for law enforcement officials acting in their official capacities. If Congress
does not pass legislation with regard to privacy, the Health Insurance
Portability and Accountability Act of 1996 calls for the Secretary of the
Health and Human Services to impose confidentiality controls on electronic
The ACLU has voiced concerns with the HHS recommendations. The organization
claims the proposal: fails to allow individuals to insist on paper records;
fails to protect records from being up-linked to national databases; and
fails to prohibit the creation of a system of "unique health identifiers"
(a de facto national health I.D., much like one's Social Security Number)
that would be attached to every piece of medical information. The organization
also claims the law enforcement exception is too wide and could lead to
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10. Proposed Federal Legislation
The following bills, introduced during the current session of Congress,
are attempts to provide federal protection to health and medical information
in an age of computerization.
Currently there are several proposed laws designed specifically to protect
genetic information from misuse. For the purposes of this course, we will
highlight proposed laws that seek to protect health and medical information
1921 Health Care PIN Act
Introduced by Senator Jeffords (R-VT), this bill seeks to protect against
the unauthorized and inappropriate use of health information that is created
or maintained as part of medical treatment, health care plan administration,
or medical research. If enacted, this bill would allow individuals
to inspect and copy their individual medical information upon written request.
Additionally, this bill would require health care providers, employers,
health or life insurers, and health researchers to provide notice of their
Medical Information Privacy and Security Act (MIPSA)
Introduced by Senators Leahy (D-VT) and Kennedy (D-MA), this bill would
prohibit discrimination on the basis of all protected health information
in employment and insurance. Protected health information is defined to
include any individually identifiable information that is created during,
or becomes part of the health care treatment, diagnosis, enrollment, payment,
plan administration, testing, or research processes. In addition, every
patient would have the right to challenge the accuracy and completeness
of his or her protected health information. The bill would also establish
an Office of Health Information Privacy within the Department of Health
and Human Services.
52: Fair Health Information Practices Act of 1997
This bill is an amendment to section 552a of title 5, United States
Code to protect personally identifiable health information, as improper
use "may unfairly affect the ability of the individual to obtain employment,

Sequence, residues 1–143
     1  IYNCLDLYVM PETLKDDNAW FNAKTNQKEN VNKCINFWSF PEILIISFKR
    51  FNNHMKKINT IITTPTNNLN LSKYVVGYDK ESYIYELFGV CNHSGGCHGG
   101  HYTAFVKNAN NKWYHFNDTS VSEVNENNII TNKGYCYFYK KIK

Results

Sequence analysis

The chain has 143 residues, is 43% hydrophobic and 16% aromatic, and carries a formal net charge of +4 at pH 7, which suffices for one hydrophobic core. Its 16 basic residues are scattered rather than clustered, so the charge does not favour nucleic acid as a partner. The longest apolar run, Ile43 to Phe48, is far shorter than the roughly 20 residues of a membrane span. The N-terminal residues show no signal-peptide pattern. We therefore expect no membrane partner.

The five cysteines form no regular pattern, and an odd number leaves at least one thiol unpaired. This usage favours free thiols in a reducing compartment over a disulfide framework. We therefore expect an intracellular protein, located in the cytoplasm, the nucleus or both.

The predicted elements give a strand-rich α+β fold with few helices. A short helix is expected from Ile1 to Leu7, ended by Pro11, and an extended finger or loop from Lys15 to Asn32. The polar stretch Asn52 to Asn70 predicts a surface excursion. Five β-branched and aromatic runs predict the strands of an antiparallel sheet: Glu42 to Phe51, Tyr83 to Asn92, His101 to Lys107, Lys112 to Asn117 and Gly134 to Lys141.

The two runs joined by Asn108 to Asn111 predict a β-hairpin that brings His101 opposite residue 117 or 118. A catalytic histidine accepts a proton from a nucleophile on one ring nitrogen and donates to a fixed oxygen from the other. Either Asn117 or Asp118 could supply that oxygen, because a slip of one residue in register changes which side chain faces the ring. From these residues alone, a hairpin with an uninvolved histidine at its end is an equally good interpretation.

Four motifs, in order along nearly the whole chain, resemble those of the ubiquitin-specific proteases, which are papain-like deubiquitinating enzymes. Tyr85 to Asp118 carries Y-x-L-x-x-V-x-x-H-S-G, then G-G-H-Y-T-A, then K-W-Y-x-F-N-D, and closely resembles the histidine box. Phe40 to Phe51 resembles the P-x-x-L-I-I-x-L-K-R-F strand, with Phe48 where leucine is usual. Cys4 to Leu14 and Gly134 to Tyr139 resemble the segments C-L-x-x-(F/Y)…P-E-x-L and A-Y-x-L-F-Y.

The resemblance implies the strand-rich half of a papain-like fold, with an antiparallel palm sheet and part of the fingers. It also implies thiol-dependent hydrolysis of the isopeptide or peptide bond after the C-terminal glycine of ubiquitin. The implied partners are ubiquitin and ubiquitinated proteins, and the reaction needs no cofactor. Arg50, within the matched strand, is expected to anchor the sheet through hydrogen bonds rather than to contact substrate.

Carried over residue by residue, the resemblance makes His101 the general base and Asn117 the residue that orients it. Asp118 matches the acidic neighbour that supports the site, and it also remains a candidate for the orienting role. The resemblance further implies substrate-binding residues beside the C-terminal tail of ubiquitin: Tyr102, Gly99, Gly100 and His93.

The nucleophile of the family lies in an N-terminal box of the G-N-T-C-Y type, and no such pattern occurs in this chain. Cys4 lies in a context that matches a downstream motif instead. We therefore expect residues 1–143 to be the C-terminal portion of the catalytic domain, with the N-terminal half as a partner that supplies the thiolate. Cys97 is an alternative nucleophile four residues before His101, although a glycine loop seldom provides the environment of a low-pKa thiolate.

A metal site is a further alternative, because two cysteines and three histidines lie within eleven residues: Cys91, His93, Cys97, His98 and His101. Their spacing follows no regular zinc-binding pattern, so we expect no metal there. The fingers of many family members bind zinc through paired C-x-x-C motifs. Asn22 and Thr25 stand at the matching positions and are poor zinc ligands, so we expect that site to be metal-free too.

education, insurance, credit, and other necessities." Representative Condit
(D-CA) offers the movement of individuals and health information across
state lines, the computerization of health information, and the emergence
of multi-state health care providers as justifications for the need for
uniform Federal law.
1367. Federal Internet Privacy Protection Act of 1997
Introduced by Representative Barrett (D-WI), this bill is designed to
prohibit Federal agencies from making available through the Internet certain
confidential records with respect to individuals, including medical history
records. It also provides for remedies in cases in which such records are
made available through the Internet.
1815. Medical Privacy in the Age of New Technologies Act of 1997
This bill, introduced by Representative McDermott (D-WA), notes the
lack of protection of health information in some states and the threats
to confidentiality posed by computerization and the possibility of unauthorized
electronic access and suggests the need for minimum Federal standards of
protection. One of the stated purposes of H.R. 1815 is to restrict the
gathering of aggregate health information for financial gain or other purposes
without obtaining the consent of each subject.
2368: Data Privacy Act of 1997
Introduced by Representative Tauzin (R-LA), this proposed act includes
a provision that restricts the use, for commercial marketing purposes,
of any personal health or medical information obtained through an interactive
computer service without the consent of the individual.
Laws by State, Electronic Privacy Information Center, Current as of
This extensive database allows users to click on any state and provides
a chart for each state's privacy legislation. If a state legislates privacy
for a certain topic (medical records is an included area), an X appears
next to the topic.
Survey of State Confidentiality Laws, with Specific Emphasis on HIV and
Immunization," Final Report Presented to the U.S. Centers for Disease
Control and Prevention, Professor Lawrence O. Gostin, J.D., LL.D. (Hon.),